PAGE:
PDA

View Full Version : My first month at Hex-Rays


Daniel Pistelli
February 7th, 2010, 14:17
It is not a technical post, but I think I should put it here, because after all I read the Hex-Rays hiring announcement on the blogs of this forum.

At the beginning of September I started looking for a job. I actually wanted a job to work from remote. Despite the fact that I got several offers, all of them required relocation. So in the end I saw the Hex-Rays hiring announcement on Woodmann and sent out my résumé. From all the relocations, Belgium was the nearest and best connected one and of course it's a very good job.

The first month at Hex-Rays has been tough on all fronts. Mainly because of the relocation and getting used to work in an office. Now work is proceeding well, but the rest is still difficult. Having one day of sun here in Belgium would help, by the way.

Musil wrote in his life's work that modern man is spending his life always increasing his level of expertise, remaining with a millimeter of specialistic knowledge which only few people in the world could really understand. The others, talking about his millimeter would only say stupid things and he himself can't move from his own millimeter without running into the same problem.
I think I found my millimeter in the IT world. However, I can't stand still on it. I always keep moving with exasperated restlessness.

I have written in the last 2 years at least 5 programs of bigger size which are almost complete, but as I'm now working at Hex-Rays they will have to wait. When I was writing mostly software on my own I did it almost entirely to be active in something. Now that I'm working on IDA every day I feel that my need of being active is fulfilled and I don't feel the need to write more code when I'm at home. Instead, I feel the need of art.

Why haven't I tried producing art instead of programming already? Because I have always been capable of judging my own work objectively and I know when the time is not right.

What's the difference between programming and art? Both need experience. The difference is that one can build one's technical experience alone in one's room, without the help of events, social interaction, etc. In a technical field it is possible to make the time needed for experience advance faster. Viceversa, in one's reflections about life one has to actually follow the time of his own life.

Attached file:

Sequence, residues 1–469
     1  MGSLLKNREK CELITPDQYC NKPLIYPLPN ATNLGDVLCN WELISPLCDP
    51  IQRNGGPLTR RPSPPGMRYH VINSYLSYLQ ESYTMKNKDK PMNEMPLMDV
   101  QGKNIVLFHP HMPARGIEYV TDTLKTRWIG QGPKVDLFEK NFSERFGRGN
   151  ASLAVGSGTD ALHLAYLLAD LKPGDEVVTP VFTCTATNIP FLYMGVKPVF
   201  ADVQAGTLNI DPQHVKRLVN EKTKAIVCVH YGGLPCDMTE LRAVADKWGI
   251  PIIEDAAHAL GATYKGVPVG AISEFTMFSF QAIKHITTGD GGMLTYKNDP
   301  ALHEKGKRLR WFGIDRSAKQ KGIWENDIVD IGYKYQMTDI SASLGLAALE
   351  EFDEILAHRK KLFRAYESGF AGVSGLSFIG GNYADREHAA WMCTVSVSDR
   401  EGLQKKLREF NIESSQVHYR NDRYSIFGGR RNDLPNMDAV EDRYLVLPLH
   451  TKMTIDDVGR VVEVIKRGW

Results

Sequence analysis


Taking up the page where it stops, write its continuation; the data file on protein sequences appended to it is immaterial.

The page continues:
I feel that something is changing about that.

Darkelf
February 7th, 2010, 14:29
Congrats, Daniel.
This is for sure a pretty interesting job.
Although I fear there will be no further "free" version of IDA, now that you are working on it.
But nevertheless, enjoy your work there. I'm really envious of you

edit: Yes, I know it's an imported blog, but Daniel will be around here anyway.

disavowed
February 7th, 2010, 17:43
Congrats on the new job, Daniel. They're lucky to have you!

Goveynetcom
February 8th, 2010, 03:13
Nice to hear. Congratulations. I'm sure we would all love to work there. At least you can find a job let alone such an exciting one. I have been having trouble find one, but still very cool. Enjoy your stay there, I'm sure you'll become even more engrossed in the beast that is RCE. Keep us updated as new things go on...

Daniel Pistelli
February 8th, 2010, 10:59
Thanks to all!

Darkelf: it's not an imported blog, I actually posted it here =)

disavowed: I think so too.
Just kidding, of course. =)

Woodmann
February 8th, 2010, 18:22
And to think most people dont believe me when I tell them that RCE skills do help to get a good job....

You work at Hex-Rays .

Woodmann

dELTA
February 8th, 2010, 22:55
Congrats again Daniel, I've been planning to nag you about making this announcement soon.

disavowed
February 9th, 2010, 01:54
Well now there are at least *2* people on this forum that have legitimate versions of IDA / Hex-Rays

Daniel Pistelli
February 9th, 2010, 03:53
Thanks!

Woodmann: the problem with RCE skills & job is that usually either you have a deep knowledge or it is difficult to get a job. Consider how many shitty doctors have a job in the world. This is because of the request size, which is very big for doctors, very little for reversers. And in the end, I got this particular job much more for my coding experience than my reversing one. In fact, nothing about reversing or little was asked me during the interview.
If one is looking for a job in the security industry, one will notice that there aren't so much choices. I also got 2 offers from Microsoft (relocation ireland or redmond), but was not interested in writing protections.

Btw, Hex-Rays was the only (apart from MS) company which offered me a job as a developer. All the others focused only on my rce experience.

Woodmann
February 9th, 2010, 19:58
So were you a coder who came to RCE or the other way around?

Woodmann

Daniel Pistelli
February 10th, 2010, 14:00
I'm a coder which came to RCE thanks to a friend of mine. I started programming at 14 and I got into the RCE world at 15.
Having said that, it has to be noted that Hex-Rays is the only company which offered me a job as developer in the security/RCE industry (except Microsoft, but I'm not interested in developing protections). All other offers were RCE oriented.
Which is interesting, because I'm fundamentally a developer and it seems that most companies didn't notice. Not that I'm unable to work as a reverser, but it's interesting.

GEEK
February 15th, 2010, 08:16
Congrats Daniel!

you deserve to be there and i totally agree with your opinion. reversing jobs are very few and there are tons of developer positions all around the world.
I think you made a wise choice

Relocating is always a difficult thing but you will get used to the surroundings in no time

keep us updated on IDA's progress